One client of ours realized early in the process of leading the turnaround of a flailing division that her impatience was making performance worse and weakening confidence in the future. We later discovered that her impatience was symptomatic of deeper issues. When people asked questions for clarification about the change, she interpreted them as resistance to her vision, or passive-aggressive doubt about her ability. Though they were neither, her angry responses created the very resistance and passive-aggression she feared. She needed to embrace people’s questions as an opportunity to further secure their commitment, not as personal attacks on her vision and leadership. A look back at her career path revealed a long history of unjustly having to prove herself, receiving unfair critique, and feeling second guessed by those whose approval she desperately wanted. Each question from her team triggered past transference compounded by the natural anxieties of leading high-risk change.
Breaking the cycle of triggers that transfer past experiences onto current situations begins in deep self-reflection. Be ruthlessly self-honest about who and what those trigger points are.
Identify the underlying scripts. Simply identifying situations or people most likely to trigger isn’t sufficient to realize change. Many leaders flippantly declare trigger points like, “Boy, he really pushes my buttons every time I’m with him,” or “I’m fine presenting to anyone in the company, but when it comes to her, I lose a week of sleep.” But they stop short of uncovering the narrative beneath those triggers leading to unwanted behavior. Lasting personal transformation demands facing the tapes playing in your head that lead you to exasperating confessions that sound like, “Why on earth do I keep doing that?” Naming that you do things you shouldn’t isn’t self-awareness. It’s simply acknowledging that you’ve been told a certain behavior is troubling to others and that you wish you didn’t do it. Genuine self-awareness demands you dig deeper to uncover the real answer to why you keep doing it and then actually work to stop doing it.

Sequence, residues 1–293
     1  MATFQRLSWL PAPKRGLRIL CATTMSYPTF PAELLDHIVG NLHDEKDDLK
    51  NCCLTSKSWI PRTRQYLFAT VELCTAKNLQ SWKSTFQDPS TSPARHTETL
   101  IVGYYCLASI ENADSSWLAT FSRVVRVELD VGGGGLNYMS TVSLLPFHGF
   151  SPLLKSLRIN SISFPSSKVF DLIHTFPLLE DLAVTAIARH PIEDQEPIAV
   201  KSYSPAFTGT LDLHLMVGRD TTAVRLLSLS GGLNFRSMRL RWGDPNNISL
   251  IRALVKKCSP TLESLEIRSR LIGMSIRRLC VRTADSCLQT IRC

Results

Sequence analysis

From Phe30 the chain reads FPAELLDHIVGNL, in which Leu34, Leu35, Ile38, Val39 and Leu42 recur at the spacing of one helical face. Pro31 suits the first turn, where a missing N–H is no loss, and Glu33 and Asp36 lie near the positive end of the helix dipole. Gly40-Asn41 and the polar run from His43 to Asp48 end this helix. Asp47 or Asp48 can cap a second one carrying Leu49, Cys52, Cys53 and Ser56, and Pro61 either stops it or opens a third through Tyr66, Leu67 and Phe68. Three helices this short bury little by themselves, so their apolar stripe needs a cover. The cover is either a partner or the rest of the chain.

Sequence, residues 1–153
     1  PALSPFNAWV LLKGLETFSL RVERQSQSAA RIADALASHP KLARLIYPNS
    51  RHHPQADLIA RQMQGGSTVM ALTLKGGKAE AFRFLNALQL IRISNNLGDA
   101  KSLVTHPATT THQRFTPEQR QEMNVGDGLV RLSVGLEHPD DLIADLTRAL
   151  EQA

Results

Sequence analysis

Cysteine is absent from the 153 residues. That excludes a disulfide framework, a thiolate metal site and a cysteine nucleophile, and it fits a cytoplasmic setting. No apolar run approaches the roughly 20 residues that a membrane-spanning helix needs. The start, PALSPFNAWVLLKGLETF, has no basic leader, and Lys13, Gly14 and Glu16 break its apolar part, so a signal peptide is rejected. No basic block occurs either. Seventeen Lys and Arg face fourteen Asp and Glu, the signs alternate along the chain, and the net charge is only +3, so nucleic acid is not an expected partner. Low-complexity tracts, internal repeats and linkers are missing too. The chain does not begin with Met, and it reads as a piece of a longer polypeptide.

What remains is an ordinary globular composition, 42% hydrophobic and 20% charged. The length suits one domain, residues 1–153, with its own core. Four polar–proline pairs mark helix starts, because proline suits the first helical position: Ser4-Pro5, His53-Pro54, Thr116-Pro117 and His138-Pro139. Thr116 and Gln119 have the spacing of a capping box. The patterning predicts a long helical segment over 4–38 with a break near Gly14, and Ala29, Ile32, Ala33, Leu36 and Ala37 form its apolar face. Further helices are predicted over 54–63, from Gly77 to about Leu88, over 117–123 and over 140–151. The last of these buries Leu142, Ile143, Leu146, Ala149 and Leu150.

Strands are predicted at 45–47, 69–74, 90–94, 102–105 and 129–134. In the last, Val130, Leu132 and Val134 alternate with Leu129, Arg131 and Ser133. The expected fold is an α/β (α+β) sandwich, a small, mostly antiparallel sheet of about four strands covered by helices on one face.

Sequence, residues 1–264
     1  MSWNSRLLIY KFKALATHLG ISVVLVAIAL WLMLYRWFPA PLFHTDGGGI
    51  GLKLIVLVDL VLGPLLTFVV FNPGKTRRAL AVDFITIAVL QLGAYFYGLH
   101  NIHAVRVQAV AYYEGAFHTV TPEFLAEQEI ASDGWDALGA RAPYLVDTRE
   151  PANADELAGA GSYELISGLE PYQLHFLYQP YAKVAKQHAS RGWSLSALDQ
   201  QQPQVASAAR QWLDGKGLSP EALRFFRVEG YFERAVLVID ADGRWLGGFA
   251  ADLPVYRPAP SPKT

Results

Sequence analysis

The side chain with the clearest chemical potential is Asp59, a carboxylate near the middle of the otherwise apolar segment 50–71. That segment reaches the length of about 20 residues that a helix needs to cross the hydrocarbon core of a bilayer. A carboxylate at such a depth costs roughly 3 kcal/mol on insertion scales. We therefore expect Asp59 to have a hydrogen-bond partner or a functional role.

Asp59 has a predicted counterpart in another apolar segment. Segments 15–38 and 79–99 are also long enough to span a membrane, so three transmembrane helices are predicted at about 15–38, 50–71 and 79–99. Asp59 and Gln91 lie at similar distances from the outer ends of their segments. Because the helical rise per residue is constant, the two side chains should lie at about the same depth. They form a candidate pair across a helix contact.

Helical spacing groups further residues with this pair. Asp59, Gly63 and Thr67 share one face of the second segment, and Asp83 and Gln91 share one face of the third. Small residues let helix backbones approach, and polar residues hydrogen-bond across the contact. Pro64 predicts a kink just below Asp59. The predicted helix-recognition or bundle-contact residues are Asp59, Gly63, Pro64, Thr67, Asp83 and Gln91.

Writing them out on paper provides the sobering acceptance of a deeper force shaping behavior. This requires courage, humility, and the ability to detect patterns of behavior recurring in times of change. When a leader accepts their narrative in black and white that reveals the answer to, “Why do I keep doing that?” they have taken the powerful next step at re-scripting it.
Give people permission to name your triggers. To keep vigilant about your risks of being triggered, invite a small number of close colleagues into your personal change effort. Tell them to keep an eye out for potentially escalating situations in which they sense your reactions may be irrational, extreme, or rooted in one of your triggers. Ask them to cue you to “pause” and regroup, and regain perspective before proceeding to any decisions or actions, or worse, to help you avoid saying anything you might later regret. Knowing that you have helpful eyes on you acts both as a reinforcement mechanisms for your changed behavior, it also acts as a source of accountability to sustain commitment to change.
Your ability to affect change across the organization depends on your ability to affect change within yourself. Accepting this will fundamentally shift how you lead. Such introspection is an active process. Leaders should take notes, spot trends, course-correct. They should solicit feedback from others, tracking the impact their behavior has on others and how closely their actions match intentions. Leaders should start a transformational journey accepting that the organization will have to transform them as much as they will have to transform it for both to succeed. The more a leader knows how they will react during change, the better equipped they’ll be to foster real change in themselves, others, and the organization.Comments subject to review.